What is DC, anyway? If we have a square pulse of 1V for 1ns, is that DC? What if it's for 1ms? 1s? 1 day? 1 year?

"It's only ever positive -- it doesn't alternate", I hear you thinking. OK, what if we have a square wave that alternates between +1V and -1V every 1 ms. Clearly this is AC, right? What if the edge transitions occur only every 100 years? Is it DC now? What if the device has only been on for 99 years and you don't know that it's going to change yet?

Point being, the notion of "DC" is arbitrary, and usually chosen to be something convenient for a particular circuit or situation. When voltage or current changes so slowly or so insignificantly that we can consider it as not changing it at all, it's DC.

For example, if we are discussing microwave circuits, then the 60 or 50Hz AC on your wall might as well be DC. The rate of change in that waveform is so slow compared to the reactive components in a microwave circuit that it might as well not be changing at all.

In other contexts we might define DC in terms of Fourier analysis. In this case, "DC" is the average value. However, the average value depends on the span of time we choose to consider in the analysis. For example, in the case of our +/- 1V alternating every 100 years, the average is 0V, but if we look at just one particular day, the average is likely to be 1V or -1V.

In the case of a power supply such as you have drawn, an engineer is likely to call that "DC". An engineer understands that a real power supply will necessarily have some ripple, so you don't have to say "this is a DC with some ripple" unless the ripple is unacceptable for your application. If the engineer wants to quantify the ripple (usually to keep it under some specified maximum), then it will be treated as an AC component, and the DC component will be calculated as an average taken oven a span of time sufficiently long to average out all the variations.

The CT rectifier has half the number diodes and has half of the diode conduction losses. But the secondary utilisation factor of the transformer is not as good because each half of the secondary conducts in half-wave pulses. This means that the transformer is larger for the CT rectifier to do the same job with the same transformer secondary copper losses.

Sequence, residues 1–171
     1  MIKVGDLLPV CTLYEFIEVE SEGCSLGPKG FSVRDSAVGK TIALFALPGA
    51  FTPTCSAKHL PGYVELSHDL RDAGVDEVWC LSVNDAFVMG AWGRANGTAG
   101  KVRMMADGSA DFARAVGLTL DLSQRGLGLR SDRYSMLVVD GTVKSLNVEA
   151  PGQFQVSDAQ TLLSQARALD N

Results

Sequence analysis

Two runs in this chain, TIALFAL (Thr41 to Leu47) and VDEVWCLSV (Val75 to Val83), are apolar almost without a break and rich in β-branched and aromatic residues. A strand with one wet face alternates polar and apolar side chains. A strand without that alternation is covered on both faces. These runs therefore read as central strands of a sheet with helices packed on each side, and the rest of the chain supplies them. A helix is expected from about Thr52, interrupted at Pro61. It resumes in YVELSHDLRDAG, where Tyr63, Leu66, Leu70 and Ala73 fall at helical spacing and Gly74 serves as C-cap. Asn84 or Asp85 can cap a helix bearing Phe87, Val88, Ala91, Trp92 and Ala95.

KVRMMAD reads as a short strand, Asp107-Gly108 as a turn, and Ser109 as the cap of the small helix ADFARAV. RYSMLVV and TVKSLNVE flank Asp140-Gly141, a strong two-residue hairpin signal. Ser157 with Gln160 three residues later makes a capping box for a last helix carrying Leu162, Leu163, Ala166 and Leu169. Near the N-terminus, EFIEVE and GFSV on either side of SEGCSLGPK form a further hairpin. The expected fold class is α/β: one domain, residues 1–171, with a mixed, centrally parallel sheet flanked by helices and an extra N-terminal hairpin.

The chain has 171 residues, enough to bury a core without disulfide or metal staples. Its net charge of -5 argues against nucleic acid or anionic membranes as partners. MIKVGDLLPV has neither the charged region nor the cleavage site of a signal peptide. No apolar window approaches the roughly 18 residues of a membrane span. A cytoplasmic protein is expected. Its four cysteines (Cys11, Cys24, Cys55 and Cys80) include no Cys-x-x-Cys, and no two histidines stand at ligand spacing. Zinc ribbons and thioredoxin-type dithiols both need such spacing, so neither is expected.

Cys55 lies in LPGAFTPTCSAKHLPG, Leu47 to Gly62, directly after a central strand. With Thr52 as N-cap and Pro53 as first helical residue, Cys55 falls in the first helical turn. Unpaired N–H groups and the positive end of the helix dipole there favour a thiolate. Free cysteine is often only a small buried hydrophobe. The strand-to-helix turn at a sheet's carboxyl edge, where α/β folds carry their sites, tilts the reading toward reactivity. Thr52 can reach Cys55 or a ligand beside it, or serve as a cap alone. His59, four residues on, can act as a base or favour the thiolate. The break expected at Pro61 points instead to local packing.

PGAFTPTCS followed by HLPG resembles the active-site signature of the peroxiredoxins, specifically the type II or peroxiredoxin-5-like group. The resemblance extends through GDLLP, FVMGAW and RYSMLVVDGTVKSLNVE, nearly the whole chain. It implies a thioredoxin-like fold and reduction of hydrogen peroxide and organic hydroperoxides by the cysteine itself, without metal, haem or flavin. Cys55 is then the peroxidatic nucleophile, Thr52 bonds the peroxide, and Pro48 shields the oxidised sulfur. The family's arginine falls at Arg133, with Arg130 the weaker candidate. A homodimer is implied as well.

The CT rectifier is still used today when the output voltage is low and diode losses therefore are a significant percentage of the output volts. On a SMPS the transformer size penalty is not so bad because the transformer is so much smaller anyway. The CT rectifier makes it easy to get all the diodes on a common heatsink which is a definite production advantage. The CT rectifier has twice the peak diode voltage for a given DC output voltage. This can be an issue because silicon Schottkys are difficult to find above 200V.

If you intend to place MOSFETs across the diodes to reduce voltage drops even more you get twice the peak volts as stated before which can mean more Rds(on) for the FETs but the bridge has two FET Rds(on) drops. The CT rectifier is easier to arrange the gate drive. So all of this really has to be taken on a case by case basis. You cannot say that one is better than the other.

## Best Answer

The ripple formula you have is an approximation and just to demonstrate that here's another: -

The formula used here is not too disimilar from yours but it more accurately shows the time and not the frequency as being the important factor. However, the article makes an error in stating the 10msecs should be used at 50Hz. When the diode stops conducting at the top of the cycle and when it restarts is slightly less than 10msecs.

But, in the article's credit, look at the final paragraph - small print indicating where problems with the formula might lie and of course the OP's example falls into this area where all bets are off.

In truth the decay of the voltage is exponential from the top of the peak and not-linear and this will make a difference too.